Why Emotional Eating is No Laughing Matter

Emotional EatingSo you’re a self-admitted emotional eater. “No big deal,” you say, “who doesn’t devour a big bowl, (or three), of ice cream when they are feeling down?” Don’t worry, we’re not here to condemn you; in fact we encourage the occasional dietary indulgence. However, when it becomes a regular occurrence, emotional eating can cause harm to both your body and your brain. Because the myWholeLife team is passionate about helping you take control of your health, we are going to share with you some rarely discussed information about the health consequences of eating your emotions.

The Emotional Eating & Blood Sugar Connection

Emotional eaters tend to consume large amounts of highly processed and refined foods. The problem with eating these foods is that they tend to be devoid of fibre and they are rapidly converted into sugar in your body. This causes your blood sugar levels to spike and then crash, and overtime hypoglycemia (the term used to refer to abnormally low blood sugar levels) can develop. The hypoglycemia then triggers intense cravings, which can cause you to lose control over food. To compound the problem, hypoglycemia can also trigger stress and other negative emotions such as depression and irritability – which are the same emotions that drive you to comfort feed in the first place. So in effect, emotional eating causes blood sugar problems, and blood sugar problems cause emotional eating – and the vicious cycle sets the stage for numerous physical and emotional health complications.

Physical Consequences

There is a circular connection between chronic stress, emotional eating and hypoglycemia, with each one contributing to, and worsening, the other. These three things together also contribute to systemic (chronic) inflammation in your body, which further increases your risk for a variety of health problems. When you engage in emotional eating, you increase your risk for weight gain, obesity, type-2 diabetes and metabolic syndrome, (which is a condition that is considered to be the precursor to diabetes). You also increase your risk for inflammatory disorders such as multiple sclerosis, irritable bowel syndrome, asthma and arthritis.[i] [ii] As if all that weren’t enough, the increased inflammation levels increase your risk for cardiovascular disorders such as atherosclerosis, coronary artery disease and heart attacks!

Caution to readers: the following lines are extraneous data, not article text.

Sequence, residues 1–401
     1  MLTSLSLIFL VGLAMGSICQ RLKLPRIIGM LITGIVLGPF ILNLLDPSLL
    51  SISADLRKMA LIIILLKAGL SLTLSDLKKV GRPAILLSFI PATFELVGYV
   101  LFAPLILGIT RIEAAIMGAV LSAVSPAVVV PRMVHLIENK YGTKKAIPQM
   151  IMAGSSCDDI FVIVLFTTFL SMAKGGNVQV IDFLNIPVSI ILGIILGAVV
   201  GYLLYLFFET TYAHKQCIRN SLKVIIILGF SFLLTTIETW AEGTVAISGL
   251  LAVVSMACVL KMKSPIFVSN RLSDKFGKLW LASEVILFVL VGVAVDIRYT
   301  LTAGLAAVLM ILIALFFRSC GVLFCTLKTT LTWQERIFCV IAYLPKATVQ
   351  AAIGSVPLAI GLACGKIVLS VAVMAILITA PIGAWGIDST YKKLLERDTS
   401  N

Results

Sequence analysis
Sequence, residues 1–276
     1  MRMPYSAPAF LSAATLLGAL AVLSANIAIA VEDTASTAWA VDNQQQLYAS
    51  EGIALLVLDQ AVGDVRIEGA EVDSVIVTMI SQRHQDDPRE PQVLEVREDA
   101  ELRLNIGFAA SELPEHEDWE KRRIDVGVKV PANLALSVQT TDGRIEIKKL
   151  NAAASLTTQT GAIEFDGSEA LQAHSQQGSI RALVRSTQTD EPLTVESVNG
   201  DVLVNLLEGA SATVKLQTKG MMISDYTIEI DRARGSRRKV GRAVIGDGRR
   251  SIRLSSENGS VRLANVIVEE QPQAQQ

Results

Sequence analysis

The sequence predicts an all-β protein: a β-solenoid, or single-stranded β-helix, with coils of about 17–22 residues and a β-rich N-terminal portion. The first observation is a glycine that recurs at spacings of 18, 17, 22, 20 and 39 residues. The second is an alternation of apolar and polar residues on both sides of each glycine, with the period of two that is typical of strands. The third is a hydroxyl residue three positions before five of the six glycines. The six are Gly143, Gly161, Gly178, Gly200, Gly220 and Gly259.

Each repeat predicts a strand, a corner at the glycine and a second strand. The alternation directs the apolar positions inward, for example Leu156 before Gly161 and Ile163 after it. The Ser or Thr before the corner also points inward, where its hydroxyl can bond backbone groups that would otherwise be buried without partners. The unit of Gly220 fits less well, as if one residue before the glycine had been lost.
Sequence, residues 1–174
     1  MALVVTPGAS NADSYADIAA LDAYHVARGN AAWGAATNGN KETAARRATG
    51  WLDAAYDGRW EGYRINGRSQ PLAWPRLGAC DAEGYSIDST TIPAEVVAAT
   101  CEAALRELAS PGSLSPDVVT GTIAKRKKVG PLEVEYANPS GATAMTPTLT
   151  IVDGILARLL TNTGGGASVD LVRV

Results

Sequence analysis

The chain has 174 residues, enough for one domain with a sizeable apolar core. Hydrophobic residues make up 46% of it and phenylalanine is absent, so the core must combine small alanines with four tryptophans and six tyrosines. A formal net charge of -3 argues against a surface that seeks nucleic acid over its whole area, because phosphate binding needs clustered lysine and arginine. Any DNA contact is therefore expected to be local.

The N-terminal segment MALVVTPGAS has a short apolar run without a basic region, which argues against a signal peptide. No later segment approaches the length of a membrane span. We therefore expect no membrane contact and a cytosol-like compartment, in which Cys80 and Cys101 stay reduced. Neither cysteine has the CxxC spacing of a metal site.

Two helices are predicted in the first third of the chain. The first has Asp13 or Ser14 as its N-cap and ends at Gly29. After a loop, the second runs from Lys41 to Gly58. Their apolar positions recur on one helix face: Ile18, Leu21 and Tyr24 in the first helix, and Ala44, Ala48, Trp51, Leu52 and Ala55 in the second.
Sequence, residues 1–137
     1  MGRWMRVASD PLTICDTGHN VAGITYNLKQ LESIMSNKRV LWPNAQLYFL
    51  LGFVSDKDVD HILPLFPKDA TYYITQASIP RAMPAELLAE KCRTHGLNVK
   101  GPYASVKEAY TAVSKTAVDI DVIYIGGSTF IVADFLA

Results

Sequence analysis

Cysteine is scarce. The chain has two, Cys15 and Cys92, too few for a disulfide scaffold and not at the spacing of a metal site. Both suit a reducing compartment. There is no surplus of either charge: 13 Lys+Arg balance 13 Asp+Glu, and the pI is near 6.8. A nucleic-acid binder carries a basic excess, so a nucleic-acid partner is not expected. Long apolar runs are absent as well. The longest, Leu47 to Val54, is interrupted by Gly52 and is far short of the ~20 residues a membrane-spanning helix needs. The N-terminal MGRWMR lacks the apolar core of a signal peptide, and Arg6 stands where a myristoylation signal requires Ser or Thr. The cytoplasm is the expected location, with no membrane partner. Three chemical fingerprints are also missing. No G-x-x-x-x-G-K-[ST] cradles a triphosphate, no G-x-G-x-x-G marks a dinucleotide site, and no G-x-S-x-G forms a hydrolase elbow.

Emotional Consequences

Emotional eating, in conjunction with the blood sugar roller coaster that accompanies it, impacts every aspect of your emotional life. When you eat emotionally you often feel powerless over your cravings and guilty and ashamed after you give in to them. This can diminish your confidence and self-worth, and leave you feeling like a failure.[iii] Many emotional eaters also use food as a numbing agent and escape mechanism, and avoid dealing with the underlying issues that are causing them to comfort feed in the first place. Using food in this way is not only bad for your emotional wellbeing, it can also negatively affect your personal relationships. All of these factors, in conjunction with the physical consequences of emotional eating, vastly increase your risk for anxiety, depression and other mood disorders. Finally, emotional eating can lead to an unhealthy preoccupation with food and body size, and feeding your emotions is a slippery slope that may eventually progress into full-blown disordered eating.

Knowing the health consequences of eating your emotions is helpful, but if you don’t know how to properly address emotional eating, all the knowledge in the world won’t do you much good. Download our Blood Sugar App and Weight Management App to learn how to control your blood sugar, inflammation levels and body weight the healthy way. Finally, be sure to read our next blog post where we divulge insider information on how to overcome it once and for all!



[i] http://www.betacellsindiabetes.org/expertblog/new-findings-about-hypoglycemia-should-we-change-patient-management

[ii] http://onlinelibrary.wiley.com/doi/10.1046/j.1467-789x.2001.00027.x/abstract;jsessionid=C837F26342EF27694CCF84AE9000A29C.d04t01?deniedAccessCustomisedMessage=&userIsAuthenticated=false

[iii] “When Food is Love.” Roth, Green.